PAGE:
Markets & Finance

Stocks Celebrate New Year


Major indexes rallied as traders looked ahead after a dismal 2008, and despite more worse-than-expected economic data

Stocks started the new year with a burst of optimism by posting solid gains on Friday. On the first trading day of 2009, investors were looking ahead, trying to forget 2008, the worst year for stocks since the 1930s.

Economic data released Friday reminded investors why the market has provided such dismal returns.

The U.S. ISM manufacturing index fell to 32.4 in December, a worse-than-expected decline from the 36.2 reading in November. "So the first piece of data for the new year started where the old data left off," Action Economics says.

"The recession continued to deepen in December according to purchasing managers for U.S. manufacturing firms," wrote John Ryding and Conrad DeQuadros of RDQ Economics. They noted only three recessions have had worse readings for ISM manufacturing -- 1948 to 1949, 1973 to 1975, and 1980. "The case for a massive global fiscal stimulus continues to grow," they added.

On Friday, the 30-stock Dow Jones industrial average was up 258.3 points, or 2.94%, to 9,034.69. The broader S&P 500 index gained 28.55 points, or 3.16%, to 931.8. The tech-heavy Nasdaq composite index added 55.18 points, or 3.5%, to 1,632.21.

Meanwhile, European and Asian markets rallied Friday, though some markets remained closed and trading volume worldwide was light.

Despite the rally, the light turnover in the market suggests "a number of investors remain skeptical about committing funds to equities given that 2008 was the worst year for the [Dow] and S&P 500 since the 1930s," said S&P MarketScope.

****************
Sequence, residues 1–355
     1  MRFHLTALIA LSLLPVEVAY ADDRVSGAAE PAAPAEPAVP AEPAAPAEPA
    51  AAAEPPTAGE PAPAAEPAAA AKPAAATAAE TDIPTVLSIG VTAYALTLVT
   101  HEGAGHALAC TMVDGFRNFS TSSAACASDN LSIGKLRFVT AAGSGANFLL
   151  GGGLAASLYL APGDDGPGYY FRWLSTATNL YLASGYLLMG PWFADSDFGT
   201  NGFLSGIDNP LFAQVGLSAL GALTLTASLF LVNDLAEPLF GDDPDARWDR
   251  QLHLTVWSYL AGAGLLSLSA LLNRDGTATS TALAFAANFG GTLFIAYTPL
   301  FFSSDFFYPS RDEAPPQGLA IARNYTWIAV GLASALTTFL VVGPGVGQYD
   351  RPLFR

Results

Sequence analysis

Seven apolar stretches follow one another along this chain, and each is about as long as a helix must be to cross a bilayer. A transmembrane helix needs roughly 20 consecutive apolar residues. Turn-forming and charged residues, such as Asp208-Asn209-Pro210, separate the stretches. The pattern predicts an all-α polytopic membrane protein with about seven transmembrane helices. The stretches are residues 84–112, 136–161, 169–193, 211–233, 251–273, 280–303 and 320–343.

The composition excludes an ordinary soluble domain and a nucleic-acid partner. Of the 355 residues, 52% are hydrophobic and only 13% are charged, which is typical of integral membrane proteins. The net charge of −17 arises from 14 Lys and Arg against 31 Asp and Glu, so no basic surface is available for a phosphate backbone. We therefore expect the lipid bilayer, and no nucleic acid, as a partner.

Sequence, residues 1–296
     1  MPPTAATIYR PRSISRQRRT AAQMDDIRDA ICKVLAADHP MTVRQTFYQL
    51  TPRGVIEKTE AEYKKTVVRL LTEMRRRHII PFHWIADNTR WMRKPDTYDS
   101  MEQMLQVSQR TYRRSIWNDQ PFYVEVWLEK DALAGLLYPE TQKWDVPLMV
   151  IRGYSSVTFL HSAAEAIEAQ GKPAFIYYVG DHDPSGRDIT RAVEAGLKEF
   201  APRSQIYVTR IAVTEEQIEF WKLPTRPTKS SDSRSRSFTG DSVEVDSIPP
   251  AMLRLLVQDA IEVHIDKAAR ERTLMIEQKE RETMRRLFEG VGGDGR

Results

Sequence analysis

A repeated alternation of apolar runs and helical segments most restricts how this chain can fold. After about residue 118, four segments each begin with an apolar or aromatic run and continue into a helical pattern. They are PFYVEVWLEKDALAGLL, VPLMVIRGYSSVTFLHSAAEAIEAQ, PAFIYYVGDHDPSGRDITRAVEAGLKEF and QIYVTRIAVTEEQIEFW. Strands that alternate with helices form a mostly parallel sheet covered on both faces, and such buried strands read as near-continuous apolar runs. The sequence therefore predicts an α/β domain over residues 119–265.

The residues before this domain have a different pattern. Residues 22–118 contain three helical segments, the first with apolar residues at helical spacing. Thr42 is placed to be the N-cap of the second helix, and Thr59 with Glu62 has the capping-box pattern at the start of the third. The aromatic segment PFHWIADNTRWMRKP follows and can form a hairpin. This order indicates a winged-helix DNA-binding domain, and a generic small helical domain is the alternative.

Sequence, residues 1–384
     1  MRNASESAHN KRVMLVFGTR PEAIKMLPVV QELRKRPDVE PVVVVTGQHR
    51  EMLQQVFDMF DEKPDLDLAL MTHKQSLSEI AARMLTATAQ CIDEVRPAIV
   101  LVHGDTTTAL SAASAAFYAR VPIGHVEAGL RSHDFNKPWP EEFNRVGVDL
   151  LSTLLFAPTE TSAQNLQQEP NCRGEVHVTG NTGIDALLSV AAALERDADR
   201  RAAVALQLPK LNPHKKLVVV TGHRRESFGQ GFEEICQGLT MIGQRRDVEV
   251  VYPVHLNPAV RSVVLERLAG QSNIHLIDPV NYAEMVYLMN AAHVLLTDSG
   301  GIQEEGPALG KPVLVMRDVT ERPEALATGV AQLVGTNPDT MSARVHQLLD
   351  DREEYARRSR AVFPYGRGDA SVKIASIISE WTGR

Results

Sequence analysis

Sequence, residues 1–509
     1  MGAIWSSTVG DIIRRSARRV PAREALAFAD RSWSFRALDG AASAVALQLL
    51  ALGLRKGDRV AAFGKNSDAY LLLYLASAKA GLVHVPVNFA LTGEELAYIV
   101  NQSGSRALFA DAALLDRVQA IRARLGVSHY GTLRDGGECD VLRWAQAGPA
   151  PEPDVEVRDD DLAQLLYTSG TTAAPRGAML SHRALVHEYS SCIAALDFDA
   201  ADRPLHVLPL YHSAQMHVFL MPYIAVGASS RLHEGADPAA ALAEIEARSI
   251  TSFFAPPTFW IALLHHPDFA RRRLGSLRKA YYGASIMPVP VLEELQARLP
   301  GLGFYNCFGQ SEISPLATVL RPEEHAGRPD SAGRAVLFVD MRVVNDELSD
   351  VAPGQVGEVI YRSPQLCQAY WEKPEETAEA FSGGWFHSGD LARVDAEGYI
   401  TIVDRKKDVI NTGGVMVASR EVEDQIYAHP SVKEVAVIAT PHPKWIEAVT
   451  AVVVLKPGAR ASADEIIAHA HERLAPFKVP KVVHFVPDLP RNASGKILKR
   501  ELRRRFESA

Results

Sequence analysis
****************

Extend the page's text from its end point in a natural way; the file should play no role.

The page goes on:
On the New York Stock Exchange, 26 stocks were higher for every five that fell. On the Nasdaq, the ratio was 20 to 7 positive.

For 2008, the Dow Jones Industrial average dropped 33.8%, the broader S&P 500 index fell 38.5% and the Nasdaq composite had its worst year ever, plunging 40.5%.

Wells Fargo (WFC) and Bank of America (BAC) both officially completed major acquisitions in the new year. BofA closed its $19.4-billion buyout of Merrill Lynch, and Wells Fargo finished its acquisition for $12.7-billion of Wachovia.

GMAC, the financial arm of General Motors (GM), will get a $5 billion capital injection in exchange for 5 million preferred shares paying 8% interest. GMAC disclosed the terms Friday. GM shares jumped 14% on Friday.

Among other stocks in the news, BorgWarner (BWA) received notice from TRC Capital Corp. to buy 2.5 million shares, or about 2.16% of BorgWarner's shares outstanding, at $20 each. Shares closed on Wednesday at nearly $22, and the firm recommends stockholders not tender their shares in response to the offer.

Time Warner Cable (TWC) and Viacom (VIA) reached a deal in principle to renew Time Warner's carrying of MTV cable networks. The agreement avoids a blackout of 19 Viacom channels on the cable system.

Gramercy Capital Corp. (GKK) announced it would not pay a dividend for the fourth quarter of 2008, an effort to retain needed capital. Dividends paid earlier in the year satisfy the firm's distribution requirements as a real estate investment trust, Gramercy said.

Abigail Adams National Bancorp (AANB) will be acquired by Premier Financial Bancorp in a stock deal valued at $10.9 million.

In other markets, bonds continued to fall in price after a rout on Wednesday. The 30-year bond was off 3-19/32 to 133-11/32 for a yield of 2.82%, while the 10-year note was off 1-26/32 to 111-23/32 for a yield of 2.41%.

Oil prices initially slipped Friday after some traders felt Wednesday's 14% rally was excessive. However, oil rebounded and in NYMEX trading, crude was up $1.66 to $46.26 per barrel.

Gold was lower at 877.60 The U.S. dollar index rose to 81.84.

Steverman is a reporter for BusinessWeek's Investing channel.

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